CAMPAIGN MAIL Flyers received at a Healdsburg home this month from or about candidates Rusty Hicks, Ariel Kelley, Frankie Myers and Chris Rogers

In early February, about the time vote-by-mail ballots began arriving at registered voters’ homes, political mailers began appearing as well—glossy, eye-catching, attention-grabbing, oversized postcards. Most promoted their candidate of choice by touting community endorsements, grassroots support, party or labor connections.

But during the past three weeks open conflict between two candidates, Rusty Hicks and Ariel Kelley, erupted into hit advertising through direct mail and targeted video. The initial attacks on Hicks pictured him in an L.A. Dodgers baseball cap, a sure-fire trigger for Northern Californians.

CANDIDATES Democratic candidates for State Assembly District 2, from top: Rusty Hicks, Ariel Kelley, Frankie Myers, Chris Rogers, Ted Williams.

The obvious, if not over-stated conclusion is that he is not really a local, but a recent arrival coincident with Jim Woods’ early departure from the 2nd Assembly District seat. Hicks is presented as the definition of carpetbagger, who flew a loopy route up north from Santa Monica to Sacramento just to run for Assembly in Arcata. “He knows little more about our area than a tourist,” the mailer digs.

Hicks is perhaps the best-funded candidate for the District 2 seat, with the endorsement and support of a battalion of labor groups. He is simultaneously continuing to serve as the chair of the California Democratic Party, as he has since 2019. He currently lives in Humboldt County and teaches at the nearby federal penitentiary, Pelican Bay.

He is endorsed by Jim Wood, the man he is running to replace, as well as by Gov. Gavin Newsom (whose endorsement is infrequently mentioned), several previous Assembly persons and labor leader Dolores Huerta, among many other organized labor organizations.

While the North Coast district has not always been a power broker in state politics, the firepower the party has brought to bear on capturing the seat is impressive. Hicks’ campaign’s ending cash balance was $442,405 in early February, far exceeding that of Kelley, Chris Rogers or Frankie Myers combined.

The L.A. Dodger mailers are pointedly unimpressed with these credentials. “We can do better than Rusty Hicks,” the text maintains. Although there’s no specific candidate named, it’s there in the fine print: “Ad paid for by North Coast Neighbors Supporting Ariel Kelley and Opposing Rusty Hicks for Assembly 2024.”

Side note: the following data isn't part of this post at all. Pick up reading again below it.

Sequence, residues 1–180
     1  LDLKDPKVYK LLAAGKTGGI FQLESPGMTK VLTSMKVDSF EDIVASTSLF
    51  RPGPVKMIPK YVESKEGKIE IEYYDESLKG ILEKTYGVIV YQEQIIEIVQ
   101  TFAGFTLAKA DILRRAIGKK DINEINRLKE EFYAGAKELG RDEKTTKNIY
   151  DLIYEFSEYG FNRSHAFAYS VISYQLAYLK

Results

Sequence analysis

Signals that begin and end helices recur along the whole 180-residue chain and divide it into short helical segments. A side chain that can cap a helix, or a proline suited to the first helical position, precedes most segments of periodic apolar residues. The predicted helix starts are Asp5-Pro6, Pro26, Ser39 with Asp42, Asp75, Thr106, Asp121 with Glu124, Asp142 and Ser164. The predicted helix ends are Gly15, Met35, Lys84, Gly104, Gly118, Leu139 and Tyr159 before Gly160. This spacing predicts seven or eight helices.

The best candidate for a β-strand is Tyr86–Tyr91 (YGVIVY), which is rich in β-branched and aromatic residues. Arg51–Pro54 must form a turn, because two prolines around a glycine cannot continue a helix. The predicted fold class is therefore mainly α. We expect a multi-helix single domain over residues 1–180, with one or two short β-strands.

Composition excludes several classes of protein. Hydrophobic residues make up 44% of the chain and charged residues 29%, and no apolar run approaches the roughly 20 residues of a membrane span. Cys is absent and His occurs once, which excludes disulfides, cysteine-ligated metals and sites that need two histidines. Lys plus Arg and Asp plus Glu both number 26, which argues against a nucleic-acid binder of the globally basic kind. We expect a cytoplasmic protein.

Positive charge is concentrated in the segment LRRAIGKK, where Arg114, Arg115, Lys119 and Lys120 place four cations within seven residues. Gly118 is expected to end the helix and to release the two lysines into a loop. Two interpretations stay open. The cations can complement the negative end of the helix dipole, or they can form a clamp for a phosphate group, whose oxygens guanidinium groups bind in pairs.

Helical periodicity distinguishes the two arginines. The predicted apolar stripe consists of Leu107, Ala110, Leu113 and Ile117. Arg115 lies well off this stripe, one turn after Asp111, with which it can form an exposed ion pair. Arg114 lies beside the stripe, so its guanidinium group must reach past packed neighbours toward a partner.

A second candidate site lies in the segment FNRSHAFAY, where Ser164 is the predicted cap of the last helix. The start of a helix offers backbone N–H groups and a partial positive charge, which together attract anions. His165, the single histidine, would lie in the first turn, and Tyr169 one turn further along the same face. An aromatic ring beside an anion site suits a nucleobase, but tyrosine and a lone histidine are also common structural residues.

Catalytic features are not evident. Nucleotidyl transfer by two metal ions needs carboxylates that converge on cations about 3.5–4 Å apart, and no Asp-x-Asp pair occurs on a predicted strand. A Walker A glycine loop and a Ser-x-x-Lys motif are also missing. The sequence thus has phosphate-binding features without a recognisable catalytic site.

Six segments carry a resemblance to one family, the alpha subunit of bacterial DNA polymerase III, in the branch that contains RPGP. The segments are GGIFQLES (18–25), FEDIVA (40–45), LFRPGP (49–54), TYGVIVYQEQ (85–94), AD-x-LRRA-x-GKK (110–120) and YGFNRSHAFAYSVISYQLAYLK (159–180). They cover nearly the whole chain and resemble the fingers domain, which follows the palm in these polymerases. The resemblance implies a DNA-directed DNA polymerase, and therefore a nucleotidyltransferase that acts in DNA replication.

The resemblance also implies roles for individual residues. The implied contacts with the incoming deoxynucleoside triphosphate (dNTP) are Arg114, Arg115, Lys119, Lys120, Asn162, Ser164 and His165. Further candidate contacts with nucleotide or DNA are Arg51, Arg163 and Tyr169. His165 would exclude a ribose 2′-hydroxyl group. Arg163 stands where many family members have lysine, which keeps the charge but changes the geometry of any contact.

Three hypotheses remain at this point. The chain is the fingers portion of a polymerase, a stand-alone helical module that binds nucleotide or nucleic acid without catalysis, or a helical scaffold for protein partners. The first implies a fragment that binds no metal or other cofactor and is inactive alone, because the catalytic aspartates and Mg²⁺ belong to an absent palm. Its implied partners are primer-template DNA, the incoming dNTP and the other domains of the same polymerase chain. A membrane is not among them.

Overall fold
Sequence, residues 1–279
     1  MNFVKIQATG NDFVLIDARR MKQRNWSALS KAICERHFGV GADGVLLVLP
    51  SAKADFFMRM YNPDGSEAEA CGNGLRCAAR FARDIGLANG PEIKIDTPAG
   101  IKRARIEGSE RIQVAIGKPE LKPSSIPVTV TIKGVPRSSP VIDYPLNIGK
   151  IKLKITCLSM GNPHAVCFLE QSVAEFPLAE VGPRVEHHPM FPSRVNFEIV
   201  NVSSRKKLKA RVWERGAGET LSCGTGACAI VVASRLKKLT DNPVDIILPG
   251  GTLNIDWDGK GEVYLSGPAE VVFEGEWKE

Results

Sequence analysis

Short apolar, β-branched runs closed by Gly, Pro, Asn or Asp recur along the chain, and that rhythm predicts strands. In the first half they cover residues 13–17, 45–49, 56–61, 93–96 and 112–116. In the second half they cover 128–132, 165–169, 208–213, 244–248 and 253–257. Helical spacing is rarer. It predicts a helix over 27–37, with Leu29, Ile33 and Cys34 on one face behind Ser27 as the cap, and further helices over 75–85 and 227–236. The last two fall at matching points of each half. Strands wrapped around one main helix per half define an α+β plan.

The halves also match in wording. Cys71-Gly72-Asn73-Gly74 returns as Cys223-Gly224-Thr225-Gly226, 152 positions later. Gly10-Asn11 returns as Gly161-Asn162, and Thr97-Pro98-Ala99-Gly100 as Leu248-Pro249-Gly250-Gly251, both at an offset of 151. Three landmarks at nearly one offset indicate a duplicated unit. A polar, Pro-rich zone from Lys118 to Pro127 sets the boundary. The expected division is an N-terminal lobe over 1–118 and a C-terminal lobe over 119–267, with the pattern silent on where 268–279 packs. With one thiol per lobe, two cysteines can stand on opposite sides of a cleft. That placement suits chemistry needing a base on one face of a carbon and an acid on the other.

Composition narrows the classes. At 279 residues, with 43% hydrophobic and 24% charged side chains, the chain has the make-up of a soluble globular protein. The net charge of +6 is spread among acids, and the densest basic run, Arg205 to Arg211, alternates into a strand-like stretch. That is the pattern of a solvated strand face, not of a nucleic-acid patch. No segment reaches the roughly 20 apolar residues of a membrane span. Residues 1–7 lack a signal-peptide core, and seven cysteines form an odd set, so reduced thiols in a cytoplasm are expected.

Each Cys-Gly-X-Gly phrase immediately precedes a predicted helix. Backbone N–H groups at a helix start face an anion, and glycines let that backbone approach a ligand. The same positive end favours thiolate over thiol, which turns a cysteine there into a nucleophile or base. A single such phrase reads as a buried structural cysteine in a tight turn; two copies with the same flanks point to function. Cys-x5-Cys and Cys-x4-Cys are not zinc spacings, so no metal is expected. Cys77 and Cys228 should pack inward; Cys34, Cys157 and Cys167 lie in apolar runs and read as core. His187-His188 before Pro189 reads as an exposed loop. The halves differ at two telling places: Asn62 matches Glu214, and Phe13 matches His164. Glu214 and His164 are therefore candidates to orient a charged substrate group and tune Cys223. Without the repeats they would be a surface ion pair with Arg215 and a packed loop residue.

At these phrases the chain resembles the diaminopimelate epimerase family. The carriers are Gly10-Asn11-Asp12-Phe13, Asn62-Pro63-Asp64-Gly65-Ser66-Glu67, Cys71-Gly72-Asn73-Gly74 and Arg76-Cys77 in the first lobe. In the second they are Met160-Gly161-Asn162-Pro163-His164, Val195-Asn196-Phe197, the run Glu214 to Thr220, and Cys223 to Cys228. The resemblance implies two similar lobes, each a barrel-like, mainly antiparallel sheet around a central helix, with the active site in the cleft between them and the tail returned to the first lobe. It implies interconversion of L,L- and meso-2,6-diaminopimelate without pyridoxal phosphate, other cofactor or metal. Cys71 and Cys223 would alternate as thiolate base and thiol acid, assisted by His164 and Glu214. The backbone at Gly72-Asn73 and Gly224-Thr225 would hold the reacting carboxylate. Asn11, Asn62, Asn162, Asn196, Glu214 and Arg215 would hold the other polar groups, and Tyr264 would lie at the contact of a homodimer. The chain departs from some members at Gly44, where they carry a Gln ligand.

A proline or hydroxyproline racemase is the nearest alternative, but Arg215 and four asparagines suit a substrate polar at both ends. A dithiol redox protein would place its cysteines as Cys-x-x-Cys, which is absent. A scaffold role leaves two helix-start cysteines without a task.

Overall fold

The primary funder for the organization is listed as Shoshana Ungerleider. “Dr. Shoshana,” as she is known to listeners of her 3-year-old podcast, TED Health, is also an internal medicine physician, writer, public speaker, news media consultant and big sister of Ariel Kelley, the Healdsburg City Council member running for the seat.

Keeping the efforts of the North Coast Neighbors at arm’s length, Kelley’s campaign manager Julia Dreher said, “Our campaign does not coordinate, control or communicate with the independent expenditure campaign, so I can’t speak to their strategy or what they have planned going forward. We don’t believe that negative campaigning is ever helpful.”

Kelley’s own campaign marketing is focused on her messages of Results, Wildfire and Women, with tight 30-second videos and informative mailers, but the North Coast Neighbors flyers don’t even mention Kelley. Instead the carpetbagger charge is front-and-center, along with the goofy hat and a frankly xenophobic characterization of the candidate.

Initially the Hicks campaign for California’s District 2 Assembly seat was silent, but last week it threatened legal action against a Humboldt County television station if it aired a North Coast Neighbors video. The Eureka Times-Standard reported that on Feb. 15, the campaign sent a cease-and-desist letter to the general manager of Redwood News, KEIM-TV.